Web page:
A Continuous Labour Supply Model in Microsimulation: A Life-Cycle Modelling Approach with Heterogeneity and Uncertainty Extension
Denisa Maria Sologon
Maastricht University - Department of Accounting and Information Management
IZA Discussion Paper No. 6098
This paper advances a structural inter-temporal model of labour supply that is able to simulate the dynamics of labour supply in a continuous setting and to circumvent two main drawbacks of most of the existing models. The first limitation is the inability to incorporate individual heterogeneity as every agent is sharing the same parameters of the utility function. The second one is the strong assumption that individuals make decisions in a world of perfect certainty. Essentially, this paper offers an extension of marginal-utility-of-wealth-constant labour supply functions known as "Frisch functions" under certainty and uncertainty with homogenous and heterogeneous preferences. Two alternative models are proposed for capturing individual heterogeneity. First, a "fixed effect vector decomposition" model, which allows the individual specific effects to be correlated with the explanatory variables included in the labour supply model, and second, a mixed fixed and random coefficient model, which incorporates a higher degree of individual heterogeneity by specifying individual coefficients. Uncertainty is controlled for by introducing an expectation correction into the model. The validation of each simulation model is realized in comparison with the standard Heckman model. The lifetime models based on the fixed effect vector decomposition yield the most stable and unbiased simulation results, both under certainty and uncertainty. Due to its improved accuracy and stability, this lifetime labour supply model is particularly suitable for enhancing the performance of the pension models, thus providing a better reference for policymaking.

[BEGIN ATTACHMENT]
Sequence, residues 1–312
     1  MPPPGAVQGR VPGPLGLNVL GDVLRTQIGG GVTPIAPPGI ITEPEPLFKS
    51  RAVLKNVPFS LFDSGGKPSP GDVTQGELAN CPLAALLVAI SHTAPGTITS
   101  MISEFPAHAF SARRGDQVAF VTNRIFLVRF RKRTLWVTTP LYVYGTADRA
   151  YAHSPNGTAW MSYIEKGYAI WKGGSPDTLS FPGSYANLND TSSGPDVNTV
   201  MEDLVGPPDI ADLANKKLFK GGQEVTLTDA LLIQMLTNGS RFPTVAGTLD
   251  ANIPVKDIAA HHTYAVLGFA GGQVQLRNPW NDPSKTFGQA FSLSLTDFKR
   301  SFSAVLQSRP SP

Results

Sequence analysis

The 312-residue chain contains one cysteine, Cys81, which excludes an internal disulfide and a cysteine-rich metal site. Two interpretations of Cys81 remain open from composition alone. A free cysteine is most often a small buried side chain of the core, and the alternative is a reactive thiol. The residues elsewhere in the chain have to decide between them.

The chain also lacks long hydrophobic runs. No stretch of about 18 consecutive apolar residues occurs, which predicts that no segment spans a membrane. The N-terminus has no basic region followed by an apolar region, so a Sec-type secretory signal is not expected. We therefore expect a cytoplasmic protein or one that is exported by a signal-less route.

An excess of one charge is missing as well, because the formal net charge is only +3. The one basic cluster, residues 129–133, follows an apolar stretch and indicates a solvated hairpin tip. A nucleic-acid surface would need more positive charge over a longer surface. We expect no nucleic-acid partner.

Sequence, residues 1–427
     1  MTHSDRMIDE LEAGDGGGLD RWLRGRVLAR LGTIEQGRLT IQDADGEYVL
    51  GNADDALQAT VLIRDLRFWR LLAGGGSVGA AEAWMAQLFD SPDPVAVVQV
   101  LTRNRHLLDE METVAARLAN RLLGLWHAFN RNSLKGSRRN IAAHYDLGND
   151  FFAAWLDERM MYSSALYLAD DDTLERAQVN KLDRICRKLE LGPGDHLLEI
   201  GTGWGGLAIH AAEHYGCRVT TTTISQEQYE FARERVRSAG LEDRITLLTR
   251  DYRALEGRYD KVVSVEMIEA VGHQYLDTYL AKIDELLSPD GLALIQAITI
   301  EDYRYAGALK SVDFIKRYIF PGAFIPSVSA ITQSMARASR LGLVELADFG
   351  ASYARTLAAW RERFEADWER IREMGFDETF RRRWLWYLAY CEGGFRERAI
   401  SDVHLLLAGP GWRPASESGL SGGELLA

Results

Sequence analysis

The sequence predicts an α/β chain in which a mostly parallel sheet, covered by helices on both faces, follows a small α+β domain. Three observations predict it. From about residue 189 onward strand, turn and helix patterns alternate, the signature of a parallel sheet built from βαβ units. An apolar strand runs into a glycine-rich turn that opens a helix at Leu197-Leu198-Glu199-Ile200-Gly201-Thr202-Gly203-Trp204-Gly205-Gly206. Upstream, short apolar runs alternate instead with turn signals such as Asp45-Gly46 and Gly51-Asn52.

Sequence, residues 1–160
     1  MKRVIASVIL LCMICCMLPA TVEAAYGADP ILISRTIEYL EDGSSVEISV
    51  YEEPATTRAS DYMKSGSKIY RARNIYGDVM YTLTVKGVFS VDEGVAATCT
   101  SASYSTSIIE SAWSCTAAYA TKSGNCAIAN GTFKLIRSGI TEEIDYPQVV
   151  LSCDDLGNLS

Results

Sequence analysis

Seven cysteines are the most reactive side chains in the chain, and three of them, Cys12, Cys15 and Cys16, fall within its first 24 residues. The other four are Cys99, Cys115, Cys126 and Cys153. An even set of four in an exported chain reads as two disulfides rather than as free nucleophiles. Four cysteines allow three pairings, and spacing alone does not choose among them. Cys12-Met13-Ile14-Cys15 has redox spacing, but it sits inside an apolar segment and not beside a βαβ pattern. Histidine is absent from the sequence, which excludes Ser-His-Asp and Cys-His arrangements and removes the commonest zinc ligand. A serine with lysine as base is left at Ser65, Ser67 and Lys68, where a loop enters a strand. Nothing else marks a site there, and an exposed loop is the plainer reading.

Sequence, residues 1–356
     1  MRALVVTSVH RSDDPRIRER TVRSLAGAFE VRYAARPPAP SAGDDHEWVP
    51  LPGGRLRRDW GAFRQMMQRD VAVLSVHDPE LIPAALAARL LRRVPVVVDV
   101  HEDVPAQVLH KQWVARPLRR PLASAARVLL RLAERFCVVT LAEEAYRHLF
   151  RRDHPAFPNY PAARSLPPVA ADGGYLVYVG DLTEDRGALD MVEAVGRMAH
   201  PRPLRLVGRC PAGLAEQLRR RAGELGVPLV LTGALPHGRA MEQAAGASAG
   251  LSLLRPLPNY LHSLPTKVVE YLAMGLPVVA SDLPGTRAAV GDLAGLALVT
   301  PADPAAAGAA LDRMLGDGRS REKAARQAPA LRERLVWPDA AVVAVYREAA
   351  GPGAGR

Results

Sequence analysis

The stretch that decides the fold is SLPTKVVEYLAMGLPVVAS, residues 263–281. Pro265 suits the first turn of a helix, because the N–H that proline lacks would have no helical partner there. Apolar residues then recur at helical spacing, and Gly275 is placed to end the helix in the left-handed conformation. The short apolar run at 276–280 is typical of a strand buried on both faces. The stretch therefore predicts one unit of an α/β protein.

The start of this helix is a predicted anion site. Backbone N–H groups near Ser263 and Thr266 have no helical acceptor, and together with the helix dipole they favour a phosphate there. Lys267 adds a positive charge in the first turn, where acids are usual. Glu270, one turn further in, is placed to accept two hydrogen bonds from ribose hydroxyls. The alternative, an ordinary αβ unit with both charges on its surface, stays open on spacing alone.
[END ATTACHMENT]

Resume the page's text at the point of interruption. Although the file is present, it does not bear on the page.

Number of Pages in PDF File: 27
Keywords: lifetime labour supply, dynamic microsimulation
JEL Classification: C20, D90, J22
Date posted: November 13, 2011
© 2015 Social Science Electronic Publishing, Inc. All Rights Reserved.
This page was processed by apollo8 in 0.313 seconds